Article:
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Early memories of the Ecumenical Centre: 1978

You would wait until it reached the door of your office before going out to get your cup. My office was on the fourth floor of Lac, at the end of the corridor, so I was about the last to be served. My hunch is that this coffee service was a holdover from the famous “Dutch Mafia” of Dr. Visser ‘t Hooft’s time, as it was something very common in the Netherlands.

Not just the coffee, by the way. Also the “ecumenical tea” in the afternoon, at half past four. But it was served in the cafeteria. The tea was usually nothing to write home about, but it was a good time to meet colleagues. And speaking of Doctor Visser ‘t Hooft, who was then retired, he had an office in the building, and during tea he sat there every afternoon, always at the same table. We, the Dutch colleagues, would affectionately address him as dominoes,” the word we use to call our pastor.

I came to work with the WCC (at the Africa Desk of CICARWS) from Madagascar, where I had served in the church for 13 years, often in the bush visiting local churches and development projects. On the ground, in direct contact with folk life and the church. For the first six months or so, I couldn’t imagine how you could earn the same, sitting at a desk on the fourth floor of the Ecumenical Center and looking at the Jura Mountains. All I wanted was to go back to the field. Well, there was no shortage of that anyway. I traveled so much for the Africa Desk that after a year, when I went down to tea in the cafeteria, someone asked me if I was a visitor.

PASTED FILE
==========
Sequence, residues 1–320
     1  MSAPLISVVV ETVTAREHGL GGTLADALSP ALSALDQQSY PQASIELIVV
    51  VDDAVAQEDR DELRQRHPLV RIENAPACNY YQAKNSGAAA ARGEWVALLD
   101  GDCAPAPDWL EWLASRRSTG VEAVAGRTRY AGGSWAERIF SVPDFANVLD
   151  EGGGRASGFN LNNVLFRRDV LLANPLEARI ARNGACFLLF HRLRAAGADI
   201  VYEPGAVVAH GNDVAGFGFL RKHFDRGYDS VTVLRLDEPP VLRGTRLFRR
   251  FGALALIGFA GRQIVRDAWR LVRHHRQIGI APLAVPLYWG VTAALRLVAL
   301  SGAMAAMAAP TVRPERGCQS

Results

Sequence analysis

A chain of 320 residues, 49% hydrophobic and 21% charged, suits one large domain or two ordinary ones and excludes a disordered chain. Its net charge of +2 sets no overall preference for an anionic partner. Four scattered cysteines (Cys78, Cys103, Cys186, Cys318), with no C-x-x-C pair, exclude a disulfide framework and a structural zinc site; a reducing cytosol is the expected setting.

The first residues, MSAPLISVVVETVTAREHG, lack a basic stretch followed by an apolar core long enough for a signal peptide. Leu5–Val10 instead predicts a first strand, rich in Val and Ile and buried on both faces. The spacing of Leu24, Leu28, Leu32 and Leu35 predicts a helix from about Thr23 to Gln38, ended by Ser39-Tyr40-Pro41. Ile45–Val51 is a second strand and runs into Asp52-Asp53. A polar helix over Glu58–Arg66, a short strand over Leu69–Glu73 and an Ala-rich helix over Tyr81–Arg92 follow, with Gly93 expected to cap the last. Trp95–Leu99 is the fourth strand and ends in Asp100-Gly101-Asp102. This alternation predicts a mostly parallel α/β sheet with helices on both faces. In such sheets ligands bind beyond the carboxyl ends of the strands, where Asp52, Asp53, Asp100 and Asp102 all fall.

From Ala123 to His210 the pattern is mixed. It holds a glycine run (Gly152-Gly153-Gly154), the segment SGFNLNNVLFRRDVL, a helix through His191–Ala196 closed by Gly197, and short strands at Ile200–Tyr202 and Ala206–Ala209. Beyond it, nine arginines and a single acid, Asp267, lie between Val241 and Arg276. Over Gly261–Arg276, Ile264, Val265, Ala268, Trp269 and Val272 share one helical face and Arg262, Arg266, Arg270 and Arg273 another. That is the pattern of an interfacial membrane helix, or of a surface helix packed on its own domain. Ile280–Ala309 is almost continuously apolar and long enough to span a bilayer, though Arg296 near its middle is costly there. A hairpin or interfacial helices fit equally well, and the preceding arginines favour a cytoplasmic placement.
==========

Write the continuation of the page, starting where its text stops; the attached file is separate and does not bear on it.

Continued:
One of the good things about the “old days” was the Ecumenical Center staff association. In the summer, the association organized barbecues on the terrace of the cafeteria and at least once a year a cabaret in the conference hall. I remember Philip Potter as a bank manager in a skit about the boycott of the Swiss banks investing in apartheid South Africa. The bank manager had no idea what WCC was all about. When he learned that it was an organization of the churches, he left the script for what it was, saying: Oh, I see, you know, we at the bank do savings too…”

When I arrived, the WCC had a staff of about 360. Besides the Lutheran World Federation with about 100, there were several smaller ecumenical organizations such as the Conference of European Churches, World Alliance of Reformed Churches, World Student Christian Federation, Internship in Mission. There were hardly any other tenants. The heart of the world church beat in the corridors of the Ecumenical Center. Every day you would hear news, come across visitors from anywhere in the world. The ecumenical center was the world church in a nutshell.

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